Archive for the ‘Hot Article’ Category

This week’s HOT articles

Take a look at this week’s selection! These articles are available free for a limited time: Graphical abstract: Doping high-surface-area mesoporous TiO2 microspheres with carbonate for visible light hydrogen production

Colossal pseudocapacitance in a high functionality–high surface area carbon anode doubles the energy of an asymmetric supercapacitor
Zhi Li, Zhanwei Xu, Huanlei Wang, Jia Ding, Beniamin Zahiri, Chris M. B. Holt, Xuehai Tan and David Mitlin
DOI: 10.1039/C3EE43979H, Paper

A multiple ion-exchange membrane design for redox flow batteries
Shuang Gu, Ke Gong, Emily Z. Yan and Yushan Yan
DOI: 10.1039/C4EE00165F, Paper

Doping high-surface-area mesoporous TiO2 microspheres with carbonate for visible light hydrogen production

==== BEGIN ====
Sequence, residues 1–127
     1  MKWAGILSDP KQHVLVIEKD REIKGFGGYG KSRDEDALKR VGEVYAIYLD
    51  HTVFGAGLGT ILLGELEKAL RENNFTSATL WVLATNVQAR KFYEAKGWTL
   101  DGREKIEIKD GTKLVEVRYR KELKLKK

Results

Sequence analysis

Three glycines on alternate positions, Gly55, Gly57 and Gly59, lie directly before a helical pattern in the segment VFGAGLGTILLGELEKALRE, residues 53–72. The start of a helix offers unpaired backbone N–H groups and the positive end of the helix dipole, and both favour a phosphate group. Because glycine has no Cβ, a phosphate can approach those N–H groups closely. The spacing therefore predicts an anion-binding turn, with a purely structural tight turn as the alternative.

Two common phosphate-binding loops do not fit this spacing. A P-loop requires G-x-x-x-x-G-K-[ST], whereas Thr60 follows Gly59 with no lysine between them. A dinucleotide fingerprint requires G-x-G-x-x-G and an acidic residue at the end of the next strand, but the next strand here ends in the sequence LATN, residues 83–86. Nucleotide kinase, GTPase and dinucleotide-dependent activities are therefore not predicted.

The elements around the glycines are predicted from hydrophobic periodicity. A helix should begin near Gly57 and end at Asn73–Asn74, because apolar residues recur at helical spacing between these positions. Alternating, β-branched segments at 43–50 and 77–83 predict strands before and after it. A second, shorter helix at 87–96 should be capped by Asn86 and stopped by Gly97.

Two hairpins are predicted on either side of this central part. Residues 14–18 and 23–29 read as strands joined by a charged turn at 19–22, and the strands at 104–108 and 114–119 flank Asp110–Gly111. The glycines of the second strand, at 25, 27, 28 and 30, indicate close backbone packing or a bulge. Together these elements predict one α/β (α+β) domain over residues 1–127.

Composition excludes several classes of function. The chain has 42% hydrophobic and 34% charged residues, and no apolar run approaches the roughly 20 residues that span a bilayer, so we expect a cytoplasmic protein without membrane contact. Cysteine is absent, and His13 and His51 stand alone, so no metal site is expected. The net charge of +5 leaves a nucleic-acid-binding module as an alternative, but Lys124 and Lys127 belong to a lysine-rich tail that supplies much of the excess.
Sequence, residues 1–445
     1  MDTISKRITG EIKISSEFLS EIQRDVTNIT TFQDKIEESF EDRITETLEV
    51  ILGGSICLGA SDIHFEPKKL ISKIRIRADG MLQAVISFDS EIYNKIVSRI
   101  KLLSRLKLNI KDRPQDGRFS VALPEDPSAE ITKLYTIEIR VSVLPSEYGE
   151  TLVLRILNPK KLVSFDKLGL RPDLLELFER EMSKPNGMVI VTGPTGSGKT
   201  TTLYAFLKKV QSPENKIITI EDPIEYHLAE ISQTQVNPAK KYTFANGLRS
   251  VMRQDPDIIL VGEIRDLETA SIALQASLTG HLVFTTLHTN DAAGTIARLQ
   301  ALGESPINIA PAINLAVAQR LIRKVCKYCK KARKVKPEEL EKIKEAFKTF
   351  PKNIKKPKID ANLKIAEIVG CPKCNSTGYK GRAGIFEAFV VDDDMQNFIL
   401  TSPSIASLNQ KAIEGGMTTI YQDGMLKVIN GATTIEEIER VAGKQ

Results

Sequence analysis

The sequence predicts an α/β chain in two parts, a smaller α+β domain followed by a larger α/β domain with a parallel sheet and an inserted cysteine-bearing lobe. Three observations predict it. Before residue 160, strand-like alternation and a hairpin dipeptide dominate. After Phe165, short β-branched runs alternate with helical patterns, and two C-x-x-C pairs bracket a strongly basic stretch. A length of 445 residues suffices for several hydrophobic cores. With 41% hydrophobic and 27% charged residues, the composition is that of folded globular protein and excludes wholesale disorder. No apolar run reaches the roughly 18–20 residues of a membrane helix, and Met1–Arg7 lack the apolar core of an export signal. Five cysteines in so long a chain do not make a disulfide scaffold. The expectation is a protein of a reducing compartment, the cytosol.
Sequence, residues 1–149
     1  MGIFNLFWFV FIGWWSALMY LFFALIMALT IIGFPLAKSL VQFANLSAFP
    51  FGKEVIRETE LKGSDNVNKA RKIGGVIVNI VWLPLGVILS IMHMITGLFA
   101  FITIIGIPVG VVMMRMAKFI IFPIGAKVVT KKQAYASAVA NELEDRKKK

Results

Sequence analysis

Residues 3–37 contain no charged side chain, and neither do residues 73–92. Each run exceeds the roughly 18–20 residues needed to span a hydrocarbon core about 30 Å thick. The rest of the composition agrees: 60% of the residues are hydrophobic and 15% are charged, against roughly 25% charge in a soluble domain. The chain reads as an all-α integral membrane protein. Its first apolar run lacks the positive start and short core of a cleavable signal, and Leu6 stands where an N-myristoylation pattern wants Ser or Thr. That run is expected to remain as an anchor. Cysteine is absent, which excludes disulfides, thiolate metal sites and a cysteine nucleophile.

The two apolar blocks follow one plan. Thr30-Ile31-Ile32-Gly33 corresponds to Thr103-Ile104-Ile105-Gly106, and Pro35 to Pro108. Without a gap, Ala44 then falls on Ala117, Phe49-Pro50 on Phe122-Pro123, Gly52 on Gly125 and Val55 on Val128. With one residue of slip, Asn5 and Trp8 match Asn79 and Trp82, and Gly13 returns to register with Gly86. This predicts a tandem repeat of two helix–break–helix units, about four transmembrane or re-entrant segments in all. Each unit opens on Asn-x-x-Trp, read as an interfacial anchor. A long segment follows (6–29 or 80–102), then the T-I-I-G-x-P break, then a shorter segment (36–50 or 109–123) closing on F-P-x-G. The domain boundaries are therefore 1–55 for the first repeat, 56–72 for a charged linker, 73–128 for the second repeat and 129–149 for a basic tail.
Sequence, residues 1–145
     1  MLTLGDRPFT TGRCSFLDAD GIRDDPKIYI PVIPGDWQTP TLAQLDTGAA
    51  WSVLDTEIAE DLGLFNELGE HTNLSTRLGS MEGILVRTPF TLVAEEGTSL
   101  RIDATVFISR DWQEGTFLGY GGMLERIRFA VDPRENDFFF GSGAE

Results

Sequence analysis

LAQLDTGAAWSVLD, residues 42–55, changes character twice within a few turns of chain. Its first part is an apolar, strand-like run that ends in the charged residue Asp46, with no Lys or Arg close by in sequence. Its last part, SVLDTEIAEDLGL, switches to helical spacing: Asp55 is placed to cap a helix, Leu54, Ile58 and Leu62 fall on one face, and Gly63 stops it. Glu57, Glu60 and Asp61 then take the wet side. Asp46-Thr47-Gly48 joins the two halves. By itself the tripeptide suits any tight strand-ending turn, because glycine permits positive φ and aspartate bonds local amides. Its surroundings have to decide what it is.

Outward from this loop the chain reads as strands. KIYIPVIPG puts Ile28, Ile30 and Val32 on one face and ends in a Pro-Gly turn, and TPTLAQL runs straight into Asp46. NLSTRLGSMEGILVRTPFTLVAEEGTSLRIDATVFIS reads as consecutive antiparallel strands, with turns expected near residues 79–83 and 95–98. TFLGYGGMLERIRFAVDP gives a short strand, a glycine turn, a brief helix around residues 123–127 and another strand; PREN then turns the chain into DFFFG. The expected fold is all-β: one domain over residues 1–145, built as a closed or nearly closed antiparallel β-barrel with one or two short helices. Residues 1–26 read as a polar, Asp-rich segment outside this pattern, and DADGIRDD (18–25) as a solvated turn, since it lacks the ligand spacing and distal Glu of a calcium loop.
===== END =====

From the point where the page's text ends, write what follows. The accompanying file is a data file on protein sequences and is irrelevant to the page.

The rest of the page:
Bin Liu, Li-Min Liu, Xiu-Feng Lang, Hsin-Yi Wang, Xiong Wen (David) Lou and Eray S. Aydil
DOI: 10.1039/C4EE00472H, Communication

Pseudocapacitive oxide materials for high-rate electrochemical energy storage
Veronica Augustyn, Patrice Simon and Bruce Dunn
DOI: 10.1039/C3EE44164D, Review Article

Digg This
Reddit This
Stumble Now!
Share on Facebook
Bookmark this on Delicious
Share on LinkedIn
Bookmark this on Technorati
Post on Twitter
Google Buzz (aka. Google Reader)

Microfluidic fuel cells on paper

Instrument-free point-of-care diagnostic devices could be taken to the next level with the development of microfluidic fuel cells on paper.